Good Stress, Bad Stress

“Can any one of you by worrying add a single hour to your life?"  Matthew 6:27


photo credit: <a href="http://www.flickr.com/photos/21560098@N06/3547128317/">Nina Matthews Photography</a> via <a href="http://photopin.com">photopin</a> <a href="http://creativecommons.org/licenses/by/2.0/">cc</a>

photo credit: <a href="http://www.flickr.com/photos/21560098@N06/3547128317/">Nina Matthews Photography</a> via <a href="http://photopin.com">photopin</a> <a href="http://creativecommons.org/licenses/by/2.0/">cc</a>

We are in the holiday season.  At some point someone will probably ask, “How was your vacation?”  Often times I have this thought, “Good, but now I need a vacation to recuperate from my vacation.”

Why do vacations and holidays wear us thin?  Because good stress and bad stress both have a depleting affect on your body’s energy and emotions.  We look forward to our time off, but then we find ourselves more exhausted after the fact. 

Most often by “making the most” of our time off, we exhaust ourselves with over-commitment.  But many times we underestimate the emotional drain we experience reconnecting with family members and friends. Whether we feel the pressure to catch everyone up on the last few years of life experience in a conversation or two, or we feel apprehensive to be happy when life hasn’t been going so great, holidays can be a source of anxiety. 

We can’t always avoid the sources of our stress, so we have to develop a plan to prepare for it.

My biggest challenge in taking care of my family is making sure we have everything we need: milk, cereal, clothes, sports equipment, school supplies, etc.  The needs are endless.

One morning, my first panicked thought was, “I hope the kids have food for breakfast.”  Immediately, I heard a little boy’s voice say, “Mom, we don’t have any…”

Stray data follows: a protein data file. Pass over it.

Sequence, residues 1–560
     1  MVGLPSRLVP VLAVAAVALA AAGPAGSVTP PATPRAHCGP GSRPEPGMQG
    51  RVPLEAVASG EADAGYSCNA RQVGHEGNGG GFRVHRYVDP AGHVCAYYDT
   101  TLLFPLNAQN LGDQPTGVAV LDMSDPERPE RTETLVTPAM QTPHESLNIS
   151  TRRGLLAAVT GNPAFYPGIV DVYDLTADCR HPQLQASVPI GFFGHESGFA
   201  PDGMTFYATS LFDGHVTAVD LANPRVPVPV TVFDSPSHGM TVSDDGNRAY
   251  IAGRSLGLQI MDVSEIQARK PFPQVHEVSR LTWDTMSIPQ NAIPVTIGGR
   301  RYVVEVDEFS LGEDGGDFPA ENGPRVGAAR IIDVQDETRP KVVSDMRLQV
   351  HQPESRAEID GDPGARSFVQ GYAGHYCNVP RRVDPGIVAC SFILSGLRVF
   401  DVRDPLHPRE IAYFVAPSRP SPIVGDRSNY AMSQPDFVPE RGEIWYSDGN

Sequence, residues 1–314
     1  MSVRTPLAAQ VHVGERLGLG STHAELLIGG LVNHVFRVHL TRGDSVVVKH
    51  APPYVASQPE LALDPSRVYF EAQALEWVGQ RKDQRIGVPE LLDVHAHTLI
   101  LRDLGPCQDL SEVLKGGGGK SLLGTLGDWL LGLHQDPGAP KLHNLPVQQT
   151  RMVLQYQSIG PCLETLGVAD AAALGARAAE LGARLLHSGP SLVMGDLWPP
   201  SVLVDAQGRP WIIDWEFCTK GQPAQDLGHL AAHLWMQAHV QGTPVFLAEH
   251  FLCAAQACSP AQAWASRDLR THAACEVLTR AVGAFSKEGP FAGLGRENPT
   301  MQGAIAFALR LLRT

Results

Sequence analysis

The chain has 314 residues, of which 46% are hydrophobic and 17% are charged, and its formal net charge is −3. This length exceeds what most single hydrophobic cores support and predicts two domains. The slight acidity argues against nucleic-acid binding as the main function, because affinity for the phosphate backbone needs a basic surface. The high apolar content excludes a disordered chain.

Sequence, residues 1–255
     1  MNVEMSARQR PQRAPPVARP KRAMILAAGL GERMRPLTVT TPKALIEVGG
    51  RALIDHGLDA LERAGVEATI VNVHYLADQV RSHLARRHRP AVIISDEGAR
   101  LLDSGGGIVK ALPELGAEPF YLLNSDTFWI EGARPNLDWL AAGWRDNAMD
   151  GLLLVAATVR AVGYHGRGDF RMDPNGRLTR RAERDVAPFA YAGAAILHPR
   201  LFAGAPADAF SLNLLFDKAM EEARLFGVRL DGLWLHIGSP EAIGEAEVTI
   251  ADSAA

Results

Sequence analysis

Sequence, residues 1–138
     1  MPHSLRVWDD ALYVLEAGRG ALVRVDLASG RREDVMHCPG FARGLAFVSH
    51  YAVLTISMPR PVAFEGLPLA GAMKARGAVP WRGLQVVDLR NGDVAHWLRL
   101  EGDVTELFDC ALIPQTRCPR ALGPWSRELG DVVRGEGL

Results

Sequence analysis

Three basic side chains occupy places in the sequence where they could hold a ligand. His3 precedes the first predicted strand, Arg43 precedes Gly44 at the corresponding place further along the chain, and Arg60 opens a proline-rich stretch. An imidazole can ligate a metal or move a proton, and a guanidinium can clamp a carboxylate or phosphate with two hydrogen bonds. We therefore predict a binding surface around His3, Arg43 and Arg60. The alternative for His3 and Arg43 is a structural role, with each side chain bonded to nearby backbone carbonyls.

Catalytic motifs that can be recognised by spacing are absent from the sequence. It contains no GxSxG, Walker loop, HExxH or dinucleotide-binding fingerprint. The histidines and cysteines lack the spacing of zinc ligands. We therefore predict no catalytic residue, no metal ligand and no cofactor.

“Don’t say it!” I heard myself thinking.  “I don’t even want to know what we don’t have.”  But when my kids have a need, it’s my job to provide something out of their nothing.

Jacob was satisfied by a small bowl of cereal.  But, then there was none left for Joseph.  When I walked into the kitchen, my little shadow (Joseph) followed me around as I checked our supplies: no bacon, eggs, toast, waffles.  Thankfully, I found some stone-ground oats, raisins and whole milk.

As I poured the milk in a pot, a Joseph asked, “Can I help?”  Under his breath, in a sweet little whisper, I heard him say, “I knew you’d come up with something.”

As I soaked up his trusting love, I heard the Holy Spirit ask, “Wouldn’t it be easier if you trusted me like this?  When you’re empty, what will it take for you to say to me, ‘I know you’ll come up with something.’”

When your life feels barren, who do you trust?  If we’re honest, we usually trust our own strength or problem solving skills.  But where do we go when there’s no solution to our problem, no happiness for tomorrow, no money for today, or possibly no joy during a holiday season?


Tangible Take-Away:

    Maybe we could all learn a couple of things from my “Big Joe.” 

    1. Stop Relying on Yourself: Our Father has resources we don’t see because we’re too busy trying to control our situation.
    2. Tell Yourself to Trust Him: When control tries to creep into your soul, express your stress to God. Take a breather and pray. Don't think about praying or ask someone else.  Do it yourself. 
    3. Follow His Lead: Just like Joseph followed me around the kitchen, we have to let God lead us to a place of peace and provision.
    4. Take Your Seat at God's Table:  When our cupboard is dry, take a seat at his table and wait.  I have a sneaky feeling he has a bowl of oatmeal (or a cup of coffee) waiting for us.

    Offer It Up:

    Here’s a prayer I’ve been praying almost every day.  If you’re stressed join with me, “God I can’t control what’s going on, so choose to trust and take each day at a time.”

    © 2014 by Sharie King.  All rights reserved.


    Sweet Tweets:

      • We can't always avoid the source of our stress, so we have to develop a plan to prepare for it.
      • Good stress and bad stress both have a depleting affect on your body’s energy and emotions. 
      • When control creeps into your soul, express your stress to God instead.